Digital Mayhem at the Gate – Is Allstate in Good Hands?

How is the 85-year old, largest publicly held property and casualty insurer in the US preparing for digital disruption in insurance?

Since Allstate started selling insurance through agents 85 years ago1, the insurance industry has rarely faced disruption on so many fronts and in such a scale as it does today2. The ubiquity of digital technologies in the recent years has enabled trends such as AI, big data analytics, Internet of Things, connected devices, mobility, miniaturization of tech, etc. that are affecting how insurance risks are underwritten, how insurance gets distributed and how consumers buy insurance2, 3. These trends are upending the moat of incumbent insurers and creating fresh new entry points for start-ups throughout the supply chain. Since 2015, insurtech start-ups across the insurance supply chain have attracted over $4bn in venture capital funding in over 300 early stage investments4. For a large insurer like Allstate, business going forward may not as usual. To maintain its leadership position in the new digital world, Allstate must innovate and disrupt its own ways of doing business before the new entrants do.

Among major insurers, Allstate has been on the forefront of embracing digitalization. In 2011, Allstate spent $1bn to acquire, an online only direct-to-consumer acquisition channel for its auto, home and life insurance lines, and Answer Financials, a carrier neutral insurance agency that allows comparability across insurance products from various insurers5. Since then, the Company has also launched other major digital initiatives, including:

  1. Drivewise, a telematic-based auto insurance program that uses a mobile application or an in-car device to capture driving behaviors and subsequently rewards customers for driving safely1
  2. DriveSense, a usage-based insurance product that gives customers flexibility to customize their insurance plan and pay based on the number of miles they drive1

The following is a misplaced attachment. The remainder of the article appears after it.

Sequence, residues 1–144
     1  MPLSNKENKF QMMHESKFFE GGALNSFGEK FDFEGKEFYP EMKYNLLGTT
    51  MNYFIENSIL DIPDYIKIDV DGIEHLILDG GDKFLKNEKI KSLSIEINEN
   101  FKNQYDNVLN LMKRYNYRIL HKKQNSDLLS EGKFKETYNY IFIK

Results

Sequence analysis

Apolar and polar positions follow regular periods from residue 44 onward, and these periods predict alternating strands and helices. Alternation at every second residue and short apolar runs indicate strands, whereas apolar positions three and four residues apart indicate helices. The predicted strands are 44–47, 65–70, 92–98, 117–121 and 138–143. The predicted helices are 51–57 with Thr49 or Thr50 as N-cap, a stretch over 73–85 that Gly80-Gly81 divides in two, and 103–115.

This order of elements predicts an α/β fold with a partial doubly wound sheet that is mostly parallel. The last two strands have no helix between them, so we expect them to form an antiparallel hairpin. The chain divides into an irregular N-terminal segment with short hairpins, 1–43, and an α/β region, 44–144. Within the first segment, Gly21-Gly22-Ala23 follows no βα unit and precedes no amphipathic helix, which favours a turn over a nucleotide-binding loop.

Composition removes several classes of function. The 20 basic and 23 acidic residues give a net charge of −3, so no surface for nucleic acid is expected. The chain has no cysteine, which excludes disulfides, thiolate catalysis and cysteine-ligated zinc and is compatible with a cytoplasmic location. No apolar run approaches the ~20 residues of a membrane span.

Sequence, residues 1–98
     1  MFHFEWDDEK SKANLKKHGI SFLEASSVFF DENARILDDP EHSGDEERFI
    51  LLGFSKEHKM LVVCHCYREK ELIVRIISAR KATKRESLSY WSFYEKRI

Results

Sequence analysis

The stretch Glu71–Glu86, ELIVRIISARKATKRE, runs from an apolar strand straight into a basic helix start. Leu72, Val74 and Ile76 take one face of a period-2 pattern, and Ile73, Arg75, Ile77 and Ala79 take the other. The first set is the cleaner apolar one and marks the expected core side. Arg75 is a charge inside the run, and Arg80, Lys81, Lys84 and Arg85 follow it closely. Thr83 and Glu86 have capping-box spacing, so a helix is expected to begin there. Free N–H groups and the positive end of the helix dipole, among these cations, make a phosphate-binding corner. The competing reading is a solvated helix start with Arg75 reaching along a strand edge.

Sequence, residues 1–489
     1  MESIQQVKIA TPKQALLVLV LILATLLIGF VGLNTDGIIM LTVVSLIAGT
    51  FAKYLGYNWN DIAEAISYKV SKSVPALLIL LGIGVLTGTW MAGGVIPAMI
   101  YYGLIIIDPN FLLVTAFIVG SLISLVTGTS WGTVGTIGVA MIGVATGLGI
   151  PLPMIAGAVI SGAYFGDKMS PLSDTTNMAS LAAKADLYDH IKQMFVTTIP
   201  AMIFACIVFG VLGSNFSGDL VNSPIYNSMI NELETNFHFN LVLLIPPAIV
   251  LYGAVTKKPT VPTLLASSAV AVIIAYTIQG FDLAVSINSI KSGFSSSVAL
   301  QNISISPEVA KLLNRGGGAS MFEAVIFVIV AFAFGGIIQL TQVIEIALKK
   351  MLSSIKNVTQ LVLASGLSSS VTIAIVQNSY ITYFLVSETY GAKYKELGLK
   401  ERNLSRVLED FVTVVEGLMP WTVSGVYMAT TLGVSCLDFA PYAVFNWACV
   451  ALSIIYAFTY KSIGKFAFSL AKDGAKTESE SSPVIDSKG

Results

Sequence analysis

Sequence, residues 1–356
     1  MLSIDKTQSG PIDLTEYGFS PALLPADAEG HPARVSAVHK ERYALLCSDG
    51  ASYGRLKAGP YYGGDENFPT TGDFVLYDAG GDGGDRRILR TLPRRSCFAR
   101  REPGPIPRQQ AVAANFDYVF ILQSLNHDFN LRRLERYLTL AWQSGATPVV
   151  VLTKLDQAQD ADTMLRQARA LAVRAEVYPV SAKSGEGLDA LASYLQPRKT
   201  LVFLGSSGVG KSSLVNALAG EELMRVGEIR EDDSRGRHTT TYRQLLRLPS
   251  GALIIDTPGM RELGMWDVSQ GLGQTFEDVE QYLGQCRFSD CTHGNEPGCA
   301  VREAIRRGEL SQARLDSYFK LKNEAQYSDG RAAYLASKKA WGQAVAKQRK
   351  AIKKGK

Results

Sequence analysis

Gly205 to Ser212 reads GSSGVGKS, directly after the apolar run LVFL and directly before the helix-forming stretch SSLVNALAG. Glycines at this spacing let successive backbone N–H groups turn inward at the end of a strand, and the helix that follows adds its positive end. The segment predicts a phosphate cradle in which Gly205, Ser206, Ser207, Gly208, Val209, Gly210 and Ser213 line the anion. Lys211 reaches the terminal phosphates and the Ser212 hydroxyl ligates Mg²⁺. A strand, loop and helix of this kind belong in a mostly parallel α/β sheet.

3. Arity, a separate insurtech company that leverages software, data, analytic and telematics to help better manage risks and is being adopted by both Esurance and Answer Financials and is also being marketed to non-affiliates1

While these initiatives indicate significant steps towards digitalization for a legacy player like Allstate, they address primarily the more immediate sales and distribution challenges of a highly inefficient supply chain. Despite the investment in digitalizing distribution, Allstate still generated 90% of its 2016 insurance premium from its 34,160 licensed agents1. Industry observers note that digitalization unlocks significant value in almost every step of a legacy insurance supply chain – a vulnerability wide open for new entrants to exploit6 (Fig. 1). Therefore, for Allstate to hold on to its leadership position, the future roadmap needs to consist of not only incremental and immediate changes to parts of supply chain but a digital transformation of its entire supply chain.

Fig 1. 1-Combined ratio%: % profit generated6       Fig 2. Digital opportunities in insurance supply chain2                 

Allstate’s management agrees. Recently, Chairman and CEO, Thomas J. Wilson, declared, “Allstate is no longer an insurance company. Allstate is a software company7.” The VP of Allstate Claims Technology Services claimed that the company is now treating digitalization not as a threat but as an opportunity that not only unlocks embedded value from its existing business but also opens newer lines for growth. She detailed how Allstate is using “modern software development practices to build applications that make it easier for customers to self-serve” and is thereby hoping to “reduce the six million annual phone calls to claims by half7.” Allstate also recently introduced technology features to allow video appraisal of a  claim and instant claim payment, becoming the first US P&C insurer to do so8.

The true transformation of Allstate into a digital insurer [Fig 3] is a complex affair not simply because of the time and capital it requires but because of the conflicts it introduces with major value drivers of the legacy business model. For instance, Allstate’s direct-to-consumer initiatives are creating channel conflicts with Allstate 34k brokers5. Such transformation also requires a cultural convergence towards being more proactive, agile, experimentational and risk-taking – a behemoth thinking and acting like a digitally native start-up2,3.

Fig 3. Making of a digital insurer2

As Allstate forges ahead in its transformation from a legacy insurance company to a software company, many open questions remain.

Are the advantages of incumbency becoming tenuous or even a liability for Allstate? As it pushes its digital distribution channels, how will Allstate manage the conflict of interests with its 34k+ agents who currently produce 90% of its business?